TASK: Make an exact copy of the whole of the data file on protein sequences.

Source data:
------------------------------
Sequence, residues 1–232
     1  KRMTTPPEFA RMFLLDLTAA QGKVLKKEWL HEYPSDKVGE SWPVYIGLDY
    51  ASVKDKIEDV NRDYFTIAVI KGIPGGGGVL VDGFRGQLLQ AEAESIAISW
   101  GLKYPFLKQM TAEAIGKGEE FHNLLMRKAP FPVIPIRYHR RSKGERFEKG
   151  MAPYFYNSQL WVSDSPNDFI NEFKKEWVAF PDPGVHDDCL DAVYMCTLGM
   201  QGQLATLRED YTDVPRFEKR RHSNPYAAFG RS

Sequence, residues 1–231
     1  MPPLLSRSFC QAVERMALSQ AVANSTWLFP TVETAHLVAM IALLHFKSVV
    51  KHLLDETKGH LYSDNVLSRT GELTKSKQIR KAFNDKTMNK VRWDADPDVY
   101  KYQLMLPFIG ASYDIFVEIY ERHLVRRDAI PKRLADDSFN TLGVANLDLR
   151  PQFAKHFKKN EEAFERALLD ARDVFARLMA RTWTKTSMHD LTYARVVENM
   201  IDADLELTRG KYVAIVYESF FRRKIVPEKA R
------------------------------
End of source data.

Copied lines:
Sequence, residues 1–232
     1  KRMTTPPEFA RMFLLDLTAA QGKVLKKEWL HEYPSDKVGE SWPVYIGLDY
    51  ASVKDKIEDV NRDYFTIAVI KGIPGGGGVL VDGFRGQLLQ AEAESIAISW
   101  GLKYPFLKQM TAEAIGKGEE FHNLLMRKAP FPVIPIRYHR RSKGERFEKG
   151  MAPYFYNSQL WVSDSPNDFI NEFKKEWVAF PDPGVHDDCL DAVYMCTLGM
   201  QGQLATLRED YTDVPRFEKR RHSNPYAAFG RS

Sequence, residues 1–231
     1  MPPLLSRSFC QAVERMALSQ AVANSTWLFP TVETAHLVAM IALLHFKSVV
    51  KHLLDETKGH LYSDNVLSRT GELTKSKQIR KAFNDKTMNK VRWDADPDVY
   101  KYQLMLPFIG ASYDIFVEIY ERHLVRRDAI PKRLADDSFN TLGVANLDLR
   151  PQFAKHFKKN EEAFERALLD ARDVFARLMA RTWTKTSMHD LTYARVVENM
   201  IDADLELTRG KYVAIVYESF FRRKIVPEKA R